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Opposition Candidate Manuel Rosales Outlines His Plan for Government

Caracas, Venezuelan, October 30, 2006 (Venezuelanalysis.com) - Manuel Rosales, the opposition candidate for the Venezuelan presidential elections on December 3, presented his plan for government last week.  He is proposing a program he says will produce a “new social democracy” in Venezuela, which will be a fairer and more equal society. 

Rosales divided his plan into 5 different policy areas.  These are political-institutional, social, economic, foreign and environmental policy.  In the political-institutional field he promised to reform the National Assembly incorporating a system of proportional representation, so deputies from minority parties would have a voice in the body.  He also plans to reduce the presidential term from 6 to 4 years with only one re-election permitted for any president.

He said the proportional representation was the “essence of a democratic system”, and added that, “from there we will advance in the transformation of powers in Venezuela, in their autonomy, so that nobody has doubts about the public ministry, about the judicial power, electoral power and the rights of the people”.  Regarding the reduction of the presidential term he said that, “Eight years of governing is sufficient for a government to complete its programs and proposals.”

If he is elected, Rosales said his social policy would be carried out with the aim of providing Venezuelans with the physical and intellectual capacity to overcome their poverty.  This will require the integration of health, social security, housing, personal security, culture and sport.

His economic policy will be based on respect of private property, which will act as a stimulus for private investment and will promote a strong industrial policy to develop the electricity, agricultural, gas & petroleum and tourist industries.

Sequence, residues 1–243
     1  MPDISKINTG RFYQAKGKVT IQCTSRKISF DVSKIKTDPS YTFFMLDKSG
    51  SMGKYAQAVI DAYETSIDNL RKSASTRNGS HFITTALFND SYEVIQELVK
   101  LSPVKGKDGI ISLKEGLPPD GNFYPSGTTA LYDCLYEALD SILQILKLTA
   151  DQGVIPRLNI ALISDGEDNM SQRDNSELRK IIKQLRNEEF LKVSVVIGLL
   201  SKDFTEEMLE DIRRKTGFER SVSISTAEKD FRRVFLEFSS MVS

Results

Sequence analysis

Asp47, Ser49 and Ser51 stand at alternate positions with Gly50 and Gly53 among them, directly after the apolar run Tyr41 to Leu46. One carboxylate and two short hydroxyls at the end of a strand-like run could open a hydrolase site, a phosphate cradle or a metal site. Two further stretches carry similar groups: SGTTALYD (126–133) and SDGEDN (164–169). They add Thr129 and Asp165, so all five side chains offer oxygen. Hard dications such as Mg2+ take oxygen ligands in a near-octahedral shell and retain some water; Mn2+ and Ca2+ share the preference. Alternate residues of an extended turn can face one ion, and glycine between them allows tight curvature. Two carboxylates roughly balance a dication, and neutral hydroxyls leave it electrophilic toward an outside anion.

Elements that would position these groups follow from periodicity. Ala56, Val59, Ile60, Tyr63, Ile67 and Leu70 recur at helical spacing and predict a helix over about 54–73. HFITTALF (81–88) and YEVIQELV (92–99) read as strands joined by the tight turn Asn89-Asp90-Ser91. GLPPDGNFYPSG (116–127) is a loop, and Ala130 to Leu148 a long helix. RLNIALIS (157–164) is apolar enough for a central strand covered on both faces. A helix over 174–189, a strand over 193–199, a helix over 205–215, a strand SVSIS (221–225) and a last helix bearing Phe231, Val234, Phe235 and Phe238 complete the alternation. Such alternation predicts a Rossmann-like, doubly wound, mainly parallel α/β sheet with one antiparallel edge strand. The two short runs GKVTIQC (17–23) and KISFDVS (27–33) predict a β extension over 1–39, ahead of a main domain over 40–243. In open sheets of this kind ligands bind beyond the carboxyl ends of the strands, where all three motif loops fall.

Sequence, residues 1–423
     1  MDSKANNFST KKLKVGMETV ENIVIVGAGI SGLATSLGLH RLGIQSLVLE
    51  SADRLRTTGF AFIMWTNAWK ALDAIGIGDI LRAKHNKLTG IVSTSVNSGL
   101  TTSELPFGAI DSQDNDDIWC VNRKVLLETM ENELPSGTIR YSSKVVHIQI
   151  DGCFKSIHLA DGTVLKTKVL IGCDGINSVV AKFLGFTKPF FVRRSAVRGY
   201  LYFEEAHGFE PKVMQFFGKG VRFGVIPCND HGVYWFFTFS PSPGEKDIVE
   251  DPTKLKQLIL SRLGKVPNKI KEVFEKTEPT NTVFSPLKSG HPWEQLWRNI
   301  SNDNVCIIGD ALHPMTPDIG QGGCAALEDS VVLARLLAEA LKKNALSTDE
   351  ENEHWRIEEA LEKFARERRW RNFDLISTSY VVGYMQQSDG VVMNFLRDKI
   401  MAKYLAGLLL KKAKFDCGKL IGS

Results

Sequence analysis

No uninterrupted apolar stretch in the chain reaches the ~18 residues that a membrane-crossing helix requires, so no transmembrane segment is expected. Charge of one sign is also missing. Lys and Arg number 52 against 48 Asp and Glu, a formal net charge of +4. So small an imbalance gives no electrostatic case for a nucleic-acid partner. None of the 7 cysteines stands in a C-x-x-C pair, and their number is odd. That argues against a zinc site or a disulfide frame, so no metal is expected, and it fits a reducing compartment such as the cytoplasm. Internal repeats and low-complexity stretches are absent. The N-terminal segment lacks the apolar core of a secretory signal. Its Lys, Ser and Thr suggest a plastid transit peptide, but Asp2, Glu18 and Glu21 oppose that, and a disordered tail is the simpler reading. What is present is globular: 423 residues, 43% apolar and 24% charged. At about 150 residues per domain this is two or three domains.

He was equally vague about his foreign policy proposals saying that he would consider Venezuela’s involvement in all “international schemes” but would not enter into anything that would, “damage our country, or that brings us close to terrorism of the axis of evil”, he said.

Finally, he said he wanted to preserve the environment through policies that, “will concentrate our effort on improving the environment, whether it is water, air, or waste disposal.  We will apply strict policies to manage the mining areas and in the protection of the national parks, which we will carry out with the promotion of ecotourism”.

His campaign manager, Teodoro Petkoff, praised Rosales for providing a solid set of policies that give Venezuelans a clear choice on December 3, “One of the distinct aspects in the campaign of the democratic leader [Rosales] is that it is not a campaign of empty slogans or a campaign of “Out with Chávez”, he has said “Here I am” and “Here is what I will do in government”, said Petkoff.

However, the Vic-President of the National Assembly, Desirée Santos Amaral says his policy of creating a new parliament was tinted with hints of a “coup”.

This may point to a strong criticism of Rosales which damages his democratic credentials.  In 2002 President Chávez was briefly overthrown in a coup.  The following day those involved signed the infamous Carmona Decree which dissolved the National Assembly and the Supreme Court.  Rosales was one of the signatories to the decree and although he maintains this was an “honest mistake” and that he had the “good of the country” in mind, he remains tainted by his actions.

Rosales remains way behind in the polls, most of those carried, put him at least 30 points behind President Chávez.

Published on Oct 30th 2006 at 9.14pm